A World War II fighter plane that crashed into an icy Lake Michigan during a training flight almost 65 years ago is to be salvaged. The F6F-3 Hellcat sank on Jan. 5, 1945, nearly taking pilot Lt. Walter B. Elcock with it.
Walter Elcock, now 89 and living in Georgia, recalls the landing and how he managed to snag a wire on the carrier with the plane's tailhook and hung from it a few seconds before the wire broke.
"I went straight underwater," Elcock recalled. He unbuckled and kicked for the surface, maybe 10 feet away, thinking that he wouldn't be able to stay afloat wearing all of his heavy flight gear. Fortunately almost immediately, a Coast Guard ship pulled him out.
"I grew up hearing the story of this crash," said Elcock's grandson, Hunter Brawley, 36, of Atlanta, Georgia.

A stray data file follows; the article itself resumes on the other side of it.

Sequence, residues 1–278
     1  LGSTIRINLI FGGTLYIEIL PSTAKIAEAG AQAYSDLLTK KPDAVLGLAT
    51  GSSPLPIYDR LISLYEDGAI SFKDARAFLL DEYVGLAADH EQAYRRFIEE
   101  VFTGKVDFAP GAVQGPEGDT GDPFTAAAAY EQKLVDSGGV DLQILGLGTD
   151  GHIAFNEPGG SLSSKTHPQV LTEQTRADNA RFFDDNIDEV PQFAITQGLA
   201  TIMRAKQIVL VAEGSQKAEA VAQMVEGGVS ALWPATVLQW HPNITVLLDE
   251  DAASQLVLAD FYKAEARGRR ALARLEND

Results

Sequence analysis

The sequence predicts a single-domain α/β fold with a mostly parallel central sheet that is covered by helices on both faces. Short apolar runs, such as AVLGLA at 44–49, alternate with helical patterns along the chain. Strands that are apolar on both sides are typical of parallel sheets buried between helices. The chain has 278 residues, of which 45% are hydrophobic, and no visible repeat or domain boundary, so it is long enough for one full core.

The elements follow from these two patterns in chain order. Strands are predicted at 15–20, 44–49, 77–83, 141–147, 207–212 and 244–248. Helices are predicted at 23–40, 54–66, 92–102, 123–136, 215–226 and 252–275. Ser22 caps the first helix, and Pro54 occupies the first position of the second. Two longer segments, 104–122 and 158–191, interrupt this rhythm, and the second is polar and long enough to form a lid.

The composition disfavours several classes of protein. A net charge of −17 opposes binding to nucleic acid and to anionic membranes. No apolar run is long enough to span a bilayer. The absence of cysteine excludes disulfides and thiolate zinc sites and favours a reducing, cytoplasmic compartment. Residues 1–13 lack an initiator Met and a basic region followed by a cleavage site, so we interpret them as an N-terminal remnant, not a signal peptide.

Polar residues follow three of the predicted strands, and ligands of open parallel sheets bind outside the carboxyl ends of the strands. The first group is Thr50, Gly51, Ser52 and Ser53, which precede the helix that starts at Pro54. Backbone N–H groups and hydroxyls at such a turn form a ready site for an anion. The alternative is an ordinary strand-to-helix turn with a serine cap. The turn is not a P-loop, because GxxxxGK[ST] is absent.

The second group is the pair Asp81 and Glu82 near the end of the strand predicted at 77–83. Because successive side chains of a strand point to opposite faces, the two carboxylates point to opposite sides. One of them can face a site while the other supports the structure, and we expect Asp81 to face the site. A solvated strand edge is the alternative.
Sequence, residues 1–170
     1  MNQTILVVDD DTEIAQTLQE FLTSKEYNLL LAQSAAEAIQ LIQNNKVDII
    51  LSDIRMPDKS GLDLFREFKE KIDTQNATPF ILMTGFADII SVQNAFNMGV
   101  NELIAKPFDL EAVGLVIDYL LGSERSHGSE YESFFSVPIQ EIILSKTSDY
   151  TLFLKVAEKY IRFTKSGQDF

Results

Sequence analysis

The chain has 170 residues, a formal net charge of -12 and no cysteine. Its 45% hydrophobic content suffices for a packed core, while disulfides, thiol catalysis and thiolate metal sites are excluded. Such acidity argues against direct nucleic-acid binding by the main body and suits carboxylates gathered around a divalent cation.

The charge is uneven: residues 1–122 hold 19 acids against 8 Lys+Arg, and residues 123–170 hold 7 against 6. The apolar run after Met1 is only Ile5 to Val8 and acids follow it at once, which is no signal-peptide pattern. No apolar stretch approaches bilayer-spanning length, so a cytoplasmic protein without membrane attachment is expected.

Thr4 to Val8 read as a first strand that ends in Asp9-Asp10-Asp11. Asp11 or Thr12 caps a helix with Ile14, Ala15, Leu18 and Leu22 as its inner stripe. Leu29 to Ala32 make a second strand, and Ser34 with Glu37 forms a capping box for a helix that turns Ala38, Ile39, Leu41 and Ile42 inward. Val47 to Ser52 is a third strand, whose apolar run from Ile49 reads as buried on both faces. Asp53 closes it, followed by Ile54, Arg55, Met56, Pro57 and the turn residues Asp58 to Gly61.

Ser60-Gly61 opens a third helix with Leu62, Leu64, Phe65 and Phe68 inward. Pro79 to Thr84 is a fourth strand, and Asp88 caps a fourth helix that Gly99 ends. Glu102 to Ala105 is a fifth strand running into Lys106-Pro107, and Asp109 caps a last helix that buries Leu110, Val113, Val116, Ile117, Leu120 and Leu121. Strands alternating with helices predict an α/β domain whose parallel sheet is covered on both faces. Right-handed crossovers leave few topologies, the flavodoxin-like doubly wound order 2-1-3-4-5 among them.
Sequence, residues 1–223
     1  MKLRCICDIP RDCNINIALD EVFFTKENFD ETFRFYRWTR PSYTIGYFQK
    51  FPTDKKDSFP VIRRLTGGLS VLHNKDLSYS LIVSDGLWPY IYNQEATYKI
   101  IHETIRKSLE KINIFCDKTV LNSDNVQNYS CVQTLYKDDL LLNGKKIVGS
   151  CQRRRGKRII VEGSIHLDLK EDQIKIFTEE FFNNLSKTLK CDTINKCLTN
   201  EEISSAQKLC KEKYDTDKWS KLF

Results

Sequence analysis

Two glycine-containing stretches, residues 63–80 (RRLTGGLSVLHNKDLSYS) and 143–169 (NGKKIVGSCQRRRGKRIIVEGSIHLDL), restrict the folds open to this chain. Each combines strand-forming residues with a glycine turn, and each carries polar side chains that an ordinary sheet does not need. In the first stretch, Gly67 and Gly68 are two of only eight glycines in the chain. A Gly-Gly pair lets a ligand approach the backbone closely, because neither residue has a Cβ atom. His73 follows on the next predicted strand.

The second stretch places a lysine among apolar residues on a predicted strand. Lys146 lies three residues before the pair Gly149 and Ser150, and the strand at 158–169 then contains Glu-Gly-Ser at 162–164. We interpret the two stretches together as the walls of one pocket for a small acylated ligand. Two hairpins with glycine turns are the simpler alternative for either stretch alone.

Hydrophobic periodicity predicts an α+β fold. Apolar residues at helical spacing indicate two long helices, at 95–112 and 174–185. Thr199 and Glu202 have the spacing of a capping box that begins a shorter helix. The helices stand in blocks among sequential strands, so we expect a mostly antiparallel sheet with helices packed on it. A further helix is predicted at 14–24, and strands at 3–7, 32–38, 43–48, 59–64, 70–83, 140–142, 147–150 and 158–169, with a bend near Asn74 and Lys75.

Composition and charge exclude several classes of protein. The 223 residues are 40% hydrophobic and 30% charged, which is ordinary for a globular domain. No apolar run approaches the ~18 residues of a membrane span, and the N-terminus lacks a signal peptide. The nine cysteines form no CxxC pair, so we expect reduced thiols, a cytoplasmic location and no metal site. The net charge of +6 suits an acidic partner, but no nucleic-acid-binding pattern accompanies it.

Locating the plane
While researching WWII Hellcat squadrons a few months ago, Brawley came across the Web site website of Taras Lyssenko of Chicago-based A&T Recovery, which specializes in retrieving historic planes from the lake.
The team had located Elcock's plane - resting nose-down in 250 feet of water, 50 miles from Chicago in Michigan waters - and a remotely operated vehicle had filmed it
Recovering the damaged aircraft proved almost as harrowing as trying to land it. Starting at 6 a.m. Nov. 21, the salvage crew took four hours to raise the plane. Transporting it back to shore required suspending the plane just below the lake's surface of the water and slowly motoring to harbor. That took until after sunset the next day.
The plane is expected to be restored and eventually put on display.